Did you know that the polar bear is considered to be a marine mammal?
Most of the sea animals live
in the surface waters where there is an abundance of food. But there are
some very unique lifeforms in the deepest parts of the ocean. Sunlight
cannot penetrate deep into the ocean, so some of the animals don't have
eyes. They have developed other senses to help them find their way around
and to enable them to obtain food. Although there is no sunlight in the
deep ocean, there is a source of light. It is called bioluminescence and
this is caused by chemical reactions within certain organisms. Other unusual life in the deepest parts of the ocean have
recently been discovered, existing and flourishing around deep ocean vents which
emit heat from within the planet at temperatures we believed would kill all
Humans have caused great
damage to the oceans ecosystems and inhabitants. Many areas have been
severely polluted, especially from industrial wastes and sewage near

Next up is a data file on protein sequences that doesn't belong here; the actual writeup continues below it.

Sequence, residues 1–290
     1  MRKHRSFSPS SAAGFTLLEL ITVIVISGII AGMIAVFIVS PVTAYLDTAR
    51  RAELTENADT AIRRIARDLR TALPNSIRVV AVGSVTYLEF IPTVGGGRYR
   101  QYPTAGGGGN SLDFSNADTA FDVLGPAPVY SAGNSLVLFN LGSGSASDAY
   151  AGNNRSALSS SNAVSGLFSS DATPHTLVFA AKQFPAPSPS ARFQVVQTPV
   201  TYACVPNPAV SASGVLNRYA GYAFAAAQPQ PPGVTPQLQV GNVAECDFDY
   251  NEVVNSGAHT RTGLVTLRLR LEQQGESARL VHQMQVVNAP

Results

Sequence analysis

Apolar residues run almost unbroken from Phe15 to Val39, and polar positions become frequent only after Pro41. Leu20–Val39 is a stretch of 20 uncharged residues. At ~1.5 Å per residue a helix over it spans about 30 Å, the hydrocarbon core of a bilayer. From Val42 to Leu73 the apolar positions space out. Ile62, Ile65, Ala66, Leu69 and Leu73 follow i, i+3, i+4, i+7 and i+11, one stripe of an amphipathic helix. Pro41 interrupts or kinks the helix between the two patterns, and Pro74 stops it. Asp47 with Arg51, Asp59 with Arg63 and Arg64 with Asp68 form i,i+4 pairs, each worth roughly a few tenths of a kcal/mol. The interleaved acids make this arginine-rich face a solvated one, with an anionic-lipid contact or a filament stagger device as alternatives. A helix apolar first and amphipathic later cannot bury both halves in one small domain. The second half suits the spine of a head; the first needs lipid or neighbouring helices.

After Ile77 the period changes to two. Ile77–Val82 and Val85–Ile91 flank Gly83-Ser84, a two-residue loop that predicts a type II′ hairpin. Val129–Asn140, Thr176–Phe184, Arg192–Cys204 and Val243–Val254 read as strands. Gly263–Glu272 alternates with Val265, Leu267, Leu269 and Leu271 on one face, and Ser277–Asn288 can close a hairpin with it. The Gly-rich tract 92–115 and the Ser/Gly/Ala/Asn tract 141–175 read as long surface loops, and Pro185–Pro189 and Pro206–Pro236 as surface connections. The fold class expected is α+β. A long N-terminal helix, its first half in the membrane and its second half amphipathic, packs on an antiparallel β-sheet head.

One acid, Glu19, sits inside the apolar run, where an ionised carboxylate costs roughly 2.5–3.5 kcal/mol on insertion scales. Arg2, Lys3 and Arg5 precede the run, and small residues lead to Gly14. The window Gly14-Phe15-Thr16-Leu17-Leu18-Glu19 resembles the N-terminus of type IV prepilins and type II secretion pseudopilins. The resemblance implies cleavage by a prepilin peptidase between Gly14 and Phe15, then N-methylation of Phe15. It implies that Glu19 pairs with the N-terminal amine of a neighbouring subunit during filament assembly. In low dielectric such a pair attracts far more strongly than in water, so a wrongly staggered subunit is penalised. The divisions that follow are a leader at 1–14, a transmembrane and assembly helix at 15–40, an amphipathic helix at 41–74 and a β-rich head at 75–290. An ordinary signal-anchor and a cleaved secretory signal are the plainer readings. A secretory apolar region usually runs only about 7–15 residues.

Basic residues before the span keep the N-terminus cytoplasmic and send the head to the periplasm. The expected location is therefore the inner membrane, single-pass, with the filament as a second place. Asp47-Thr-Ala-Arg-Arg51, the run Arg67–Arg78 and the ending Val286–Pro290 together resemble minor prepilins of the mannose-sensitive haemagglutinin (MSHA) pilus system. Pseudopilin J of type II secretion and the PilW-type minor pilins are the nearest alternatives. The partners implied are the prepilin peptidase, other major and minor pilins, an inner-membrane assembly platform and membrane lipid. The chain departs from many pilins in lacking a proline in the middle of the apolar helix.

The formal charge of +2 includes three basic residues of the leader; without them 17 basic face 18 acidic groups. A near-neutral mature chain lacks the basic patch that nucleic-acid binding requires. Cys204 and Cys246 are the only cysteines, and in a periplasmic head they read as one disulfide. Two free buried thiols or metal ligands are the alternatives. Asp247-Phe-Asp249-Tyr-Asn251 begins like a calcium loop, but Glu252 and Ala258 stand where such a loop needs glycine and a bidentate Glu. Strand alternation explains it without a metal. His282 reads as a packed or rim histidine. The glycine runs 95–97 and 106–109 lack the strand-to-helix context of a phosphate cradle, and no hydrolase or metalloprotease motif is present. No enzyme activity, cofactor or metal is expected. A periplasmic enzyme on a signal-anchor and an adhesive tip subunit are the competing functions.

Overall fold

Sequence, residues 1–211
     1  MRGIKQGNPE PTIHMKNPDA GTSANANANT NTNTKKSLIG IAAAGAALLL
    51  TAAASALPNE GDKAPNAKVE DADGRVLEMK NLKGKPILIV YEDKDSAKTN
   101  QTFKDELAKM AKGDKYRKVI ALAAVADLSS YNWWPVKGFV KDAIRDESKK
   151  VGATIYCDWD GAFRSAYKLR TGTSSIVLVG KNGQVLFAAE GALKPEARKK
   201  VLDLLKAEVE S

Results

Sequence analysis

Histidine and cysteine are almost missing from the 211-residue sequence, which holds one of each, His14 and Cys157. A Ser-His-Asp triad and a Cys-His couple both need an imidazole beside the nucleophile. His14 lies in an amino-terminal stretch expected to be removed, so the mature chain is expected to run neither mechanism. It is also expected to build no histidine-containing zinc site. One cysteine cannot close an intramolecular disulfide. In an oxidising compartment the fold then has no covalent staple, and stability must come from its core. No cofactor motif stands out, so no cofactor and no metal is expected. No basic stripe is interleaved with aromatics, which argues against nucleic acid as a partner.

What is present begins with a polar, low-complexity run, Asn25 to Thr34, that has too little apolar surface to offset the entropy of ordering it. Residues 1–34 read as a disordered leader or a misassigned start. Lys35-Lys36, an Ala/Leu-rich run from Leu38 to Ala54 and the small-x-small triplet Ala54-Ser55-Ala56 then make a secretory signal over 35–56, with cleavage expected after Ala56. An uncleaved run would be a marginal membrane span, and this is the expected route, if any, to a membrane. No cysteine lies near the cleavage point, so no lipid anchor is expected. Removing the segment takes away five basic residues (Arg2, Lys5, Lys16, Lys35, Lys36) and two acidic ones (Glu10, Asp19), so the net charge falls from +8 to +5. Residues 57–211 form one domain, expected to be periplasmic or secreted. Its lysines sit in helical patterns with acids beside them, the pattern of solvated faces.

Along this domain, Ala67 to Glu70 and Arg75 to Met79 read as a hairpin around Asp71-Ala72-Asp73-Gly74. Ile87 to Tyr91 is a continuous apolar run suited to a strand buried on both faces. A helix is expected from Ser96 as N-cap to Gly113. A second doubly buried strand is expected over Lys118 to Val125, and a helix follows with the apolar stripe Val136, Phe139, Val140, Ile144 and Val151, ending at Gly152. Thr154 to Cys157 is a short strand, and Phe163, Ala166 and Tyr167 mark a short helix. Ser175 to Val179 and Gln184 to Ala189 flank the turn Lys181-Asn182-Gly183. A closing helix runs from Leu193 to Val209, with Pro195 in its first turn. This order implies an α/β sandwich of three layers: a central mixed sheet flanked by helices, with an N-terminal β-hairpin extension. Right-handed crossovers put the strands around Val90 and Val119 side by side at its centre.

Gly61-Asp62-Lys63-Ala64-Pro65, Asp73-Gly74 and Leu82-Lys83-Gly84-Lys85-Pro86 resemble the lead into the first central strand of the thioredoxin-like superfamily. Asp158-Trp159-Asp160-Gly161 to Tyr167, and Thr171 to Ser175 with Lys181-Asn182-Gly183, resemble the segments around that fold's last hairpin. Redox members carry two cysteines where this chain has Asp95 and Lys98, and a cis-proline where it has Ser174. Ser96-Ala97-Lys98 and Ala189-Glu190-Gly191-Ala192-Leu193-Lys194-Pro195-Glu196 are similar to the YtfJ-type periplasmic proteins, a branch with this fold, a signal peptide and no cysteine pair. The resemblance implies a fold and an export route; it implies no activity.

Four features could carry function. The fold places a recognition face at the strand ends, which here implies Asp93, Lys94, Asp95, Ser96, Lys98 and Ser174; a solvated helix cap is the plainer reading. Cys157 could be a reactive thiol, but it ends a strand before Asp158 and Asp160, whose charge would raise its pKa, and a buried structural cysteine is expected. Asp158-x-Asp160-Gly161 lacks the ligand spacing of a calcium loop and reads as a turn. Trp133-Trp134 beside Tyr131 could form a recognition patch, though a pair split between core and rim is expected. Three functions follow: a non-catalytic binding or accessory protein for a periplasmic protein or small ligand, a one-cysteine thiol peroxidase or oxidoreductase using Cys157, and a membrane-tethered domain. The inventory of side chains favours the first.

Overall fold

coasts, and oil spills and dumping of wastes in the ocean. Recent
studies have shown that excessive carbon in the atmosphere from the burning of
fossil fuels has dramatically increased the acidity of the Earth's oceans.
This ocean acidification is threatening the oceans' ecosystems, sea creatures
and their food supplies. Also, the continued depletion of the Ozone Layer
in the upper atmosphere could lead to a dramatic decline in the growth of the
world's oceanic Plankton, which is the basis of most marine food chains. In addition, humans
have overfished certain species to the point of endangering the survival of
those species. Harmful fishing methods and mining practices continue
to destroy underwater ecosystems.
Human Impact on Oceans)
The living ocean has been the
for planet Earth for over 3 billion years. We are just beginning to
ocean, its processes, and life within it. We do know that, without the
ocean there could be no life on Earth.
WORLD OCEAN DAY IS JUNE 8, 2006
Learn about all the great things that happened in
2005 to help improve the health of the ocean. Download World Ocean Day
2006 materials and resources for this year's celebration from The Ocean
Project site. Tell The Ocean Project what plans you have for World
Ocean Day. You don't have to live by the ocean to celebrate World